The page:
KDE4's ktimetracker loaded as eclipse project
This describes how to use Eclipse to develop KDE 4 applications. It has been tested with Eclipse Ganymede and SUSE Linux 11.1 but should work same or similar with every combination. As an example KDE application we use KTimeTracker from the kdepim module, other applications should work likewise.
Using this description you will be able to
- update your working copy of KDE source code using the svn command
- build your KDE module using CMake
- build your KDE application from within Eclipse using Make
- compile and run your application with one click from Eclipse
- get auto-completion when editing KDE source code
- have an overview and navigation about your classes within Eclipse
- have call trees for your functions
Set up Eclipse with KDE
- Trying with a virtual machine I had problems starting Eclipse with less than 1 GB RAM. After assigning 3 GB RAM to the virtual machine, Eclipse finally started.
- Download Eclipse IDE for C/C++ developers from http://www.eclipse.org. Unpack it to /home/user/eclipse.
- Download the Eclipse IDE for C/C++ Developers (68 MB) from http://www.eclipse.org/cdt/ and unpack it into your Eclipse folder, in our case /home/user/eclipse.
- As said, we use kdepim as example here. So, download ("checkout") kdepim using git (for advanced git-usage see Guidelines_and_HOWTOs/Git, especially URL-Renaming):
git clone git://anongit.kde.org/kdepim
- This will check out into /home/user/kdepim. (Our sample setup for this tutorial)
- Compile kdepim so the usual makefiles are present for all kdepim applications. If you have problems doing this, follow our build instructions.
- Import your project into Eclipse
- Surprise: To import your project, you cannot use "File -> Import". Rather do: File -> New -> C++ Project -> Makefile project -> Empty Project -> un-tag "use default location" -> choose /home/user/kdepim/ktimetracker. Call it "ktimetracker".
- Make sure Project -> Properties -> C/C++ Build -> Builder Settings -> Build location -> Build directory is set correctly.
- Choose Project -> Build Project
- Choose Project -> Properties -> Run/Debug Settings -> New. As project, enter ktimetracker, as C/C++ Application, enter /home/user/kdepim/ktimetracker/ktimetracker. Choose Apply -> Ok -> Ok. Now you can click on the "Run" button and start it.
If you want to integrate the CMake build step into your build toolchain, you will need to
- create a custom builder like this:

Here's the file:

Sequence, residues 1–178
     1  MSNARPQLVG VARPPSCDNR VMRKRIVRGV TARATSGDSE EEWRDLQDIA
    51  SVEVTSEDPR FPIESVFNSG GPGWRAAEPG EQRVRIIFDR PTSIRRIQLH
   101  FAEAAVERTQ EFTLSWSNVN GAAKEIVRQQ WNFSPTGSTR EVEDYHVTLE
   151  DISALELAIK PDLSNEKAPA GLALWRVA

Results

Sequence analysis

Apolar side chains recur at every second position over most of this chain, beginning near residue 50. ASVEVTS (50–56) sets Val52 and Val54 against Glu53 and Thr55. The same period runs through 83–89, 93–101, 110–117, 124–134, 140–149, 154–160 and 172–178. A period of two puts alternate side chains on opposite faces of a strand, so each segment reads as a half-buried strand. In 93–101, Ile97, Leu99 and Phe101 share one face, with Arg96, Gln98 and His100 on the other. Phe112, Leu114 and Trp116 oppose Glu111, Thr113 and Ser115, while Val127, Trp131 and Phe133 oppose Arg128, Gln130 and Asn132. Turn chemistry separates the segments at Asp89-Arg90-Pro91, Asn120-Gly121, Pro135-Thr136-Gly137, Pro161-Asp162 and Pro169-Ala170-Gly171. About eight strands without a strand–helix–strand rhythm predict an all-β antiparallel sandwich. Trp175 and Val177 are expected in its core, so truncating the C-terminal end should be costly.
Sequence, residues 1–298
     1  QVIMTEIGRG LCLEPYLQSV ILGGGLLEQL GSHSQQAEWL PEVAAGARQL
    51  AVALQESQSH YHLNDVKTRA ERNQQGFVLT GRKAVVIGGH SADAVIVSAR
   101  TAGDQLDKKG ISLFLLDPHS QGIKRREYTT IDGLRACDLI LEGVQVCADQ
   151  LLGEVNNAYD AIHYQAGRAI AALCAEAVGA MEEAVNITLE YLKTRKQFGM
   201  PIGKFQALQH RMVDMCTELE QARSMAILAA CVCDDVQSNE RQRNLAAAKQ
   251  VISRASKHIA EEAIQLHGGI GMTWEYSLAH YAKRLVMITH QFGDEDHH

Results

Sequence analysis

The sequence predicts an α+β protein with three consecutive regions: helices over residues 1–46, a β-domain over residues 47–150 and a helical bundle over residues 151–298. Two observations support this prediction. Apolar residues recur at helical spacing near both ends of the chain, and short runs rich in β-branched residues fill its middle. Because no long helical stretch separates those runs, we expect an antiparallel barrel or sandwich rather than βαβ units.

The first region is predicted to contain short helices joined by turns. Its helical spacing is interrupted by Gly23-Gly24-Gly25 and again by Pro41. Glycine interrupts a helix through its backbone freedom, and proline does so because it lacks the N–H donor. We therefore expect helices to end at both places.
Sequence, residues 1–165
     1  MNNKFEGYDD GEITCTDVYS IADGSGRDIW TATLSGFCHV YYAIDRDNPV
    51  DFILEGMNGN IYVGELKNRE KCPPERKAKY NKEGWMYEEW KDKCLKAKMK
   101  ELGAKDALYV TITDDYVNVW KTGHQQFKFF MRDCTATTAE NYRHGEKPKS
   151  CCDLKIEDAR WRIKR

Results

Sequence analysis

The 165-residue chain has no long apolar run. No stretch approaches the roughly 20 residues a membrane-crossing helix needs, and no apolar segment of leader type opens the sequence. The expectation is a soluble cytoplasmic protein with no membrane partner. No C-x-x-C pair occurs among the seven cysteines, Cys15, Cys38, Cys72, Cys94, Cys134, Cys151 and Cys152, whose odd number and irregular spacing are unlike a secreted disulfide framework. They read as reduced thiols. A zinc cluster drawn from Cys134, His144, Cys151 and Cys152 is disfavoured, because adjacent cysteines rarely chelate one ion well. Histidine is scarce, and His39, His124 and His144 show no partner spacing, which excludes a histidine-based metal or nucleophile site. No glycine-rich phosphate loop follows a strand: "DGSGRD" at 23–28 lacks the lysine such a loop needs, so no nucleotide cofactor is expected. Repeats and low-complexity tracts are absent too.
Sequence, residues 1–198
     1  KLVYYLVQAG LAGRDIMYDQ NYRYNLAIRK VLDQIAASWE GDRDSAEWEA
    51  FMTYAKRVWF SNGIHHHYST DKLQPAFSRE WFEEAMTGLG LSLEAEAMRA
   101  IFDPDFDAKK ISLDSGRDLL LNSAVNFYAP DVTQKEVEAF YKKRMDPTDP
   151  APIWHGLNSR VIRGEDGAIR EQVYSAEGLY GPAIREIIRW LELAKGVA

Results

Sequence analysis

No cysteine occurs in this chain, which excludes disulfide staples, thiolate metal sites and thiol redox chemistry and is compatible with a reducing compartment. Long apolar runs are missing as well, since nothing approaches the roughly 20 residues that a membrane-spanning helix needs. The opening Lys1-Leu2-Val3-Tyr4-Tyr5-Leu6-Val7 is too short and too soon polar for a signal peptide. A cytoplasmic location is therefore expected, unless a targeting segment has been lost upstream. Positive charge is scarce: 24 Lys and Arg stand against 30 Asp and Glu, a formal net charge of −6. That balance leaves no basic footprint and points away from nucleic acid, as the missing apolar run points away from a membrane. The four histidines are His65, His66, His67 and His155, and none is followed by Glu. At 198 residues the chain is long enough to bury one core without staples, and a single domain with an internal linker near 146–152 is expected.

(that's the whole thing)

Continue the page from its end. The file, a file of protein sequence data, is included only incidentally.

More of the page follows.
echo "cmake . && make -j4 && make install" >/bin/eclipsebuild
chmod 777 /bin/eclipsebuild
- Choose Project -> Properties -> Builders. Un-tag all existing builders. Click "new" -> Program -> (name it "Builder for KDE"). -> Location: /bin/eclipsebuild -> Working directory /home/user/workspace/myproject1/kdepim.
- Now you can build your project. Every time you restart eclipse, choose myproject1 -> Project -> Properties -> C/C++ Build -> Ok -> Project -> Build.
Revert what eclipse did
To revert what eclipse did to your project simply run
rm -rf .externalToolBuilders/ .project .cproject
Why Subversion does not work
When using Eclipse's svn plugin and building a KDE program, you will get error messages complaining that your svn binary is too old. If you want to try and change this, here is how you get to that error:
- Install the Subversion plug-ins
- Help -> Software Updates -> Available Software -> Add Site -> http://download.eclipse.org/technology/subversive/0.7/update-site/ -> Add Site -> http://www.polarion.org/projects/subversive/download/eclipse/2.0/update-site/
- Now add it: Subversive Site -> Subversive SVN Team Provider Plugin
- Subversive SVN Connectors Site -> Subversive SVN Connectors -> SVNKit 1.3.0 Implementation (Optional)
- Choose File -> New -> Other -> SVN -> Project from SVN -> https://svn.kde.org/home/kde/trunk/KDE/kdepim -> Check out as project configured using the New Project Wizard -> C++ Project -> Makefile Project -> Empty Project. As name, we choose kdepim5 -> Finish
- Set cmake as build environment
- Choose Project -> Properties -> C/C++ Build -> Builder Settings. Un-tag "use default build command", set "cmake" instead. Choose Project -> Properties -> C/C++ Build -> Behavior. Replace "all" by ".".
There are some instructions available on the Qt Wiki.
This page was last modified on 11 March 2016, at 11:48. Content is available under Creative Commons License SA 4.0
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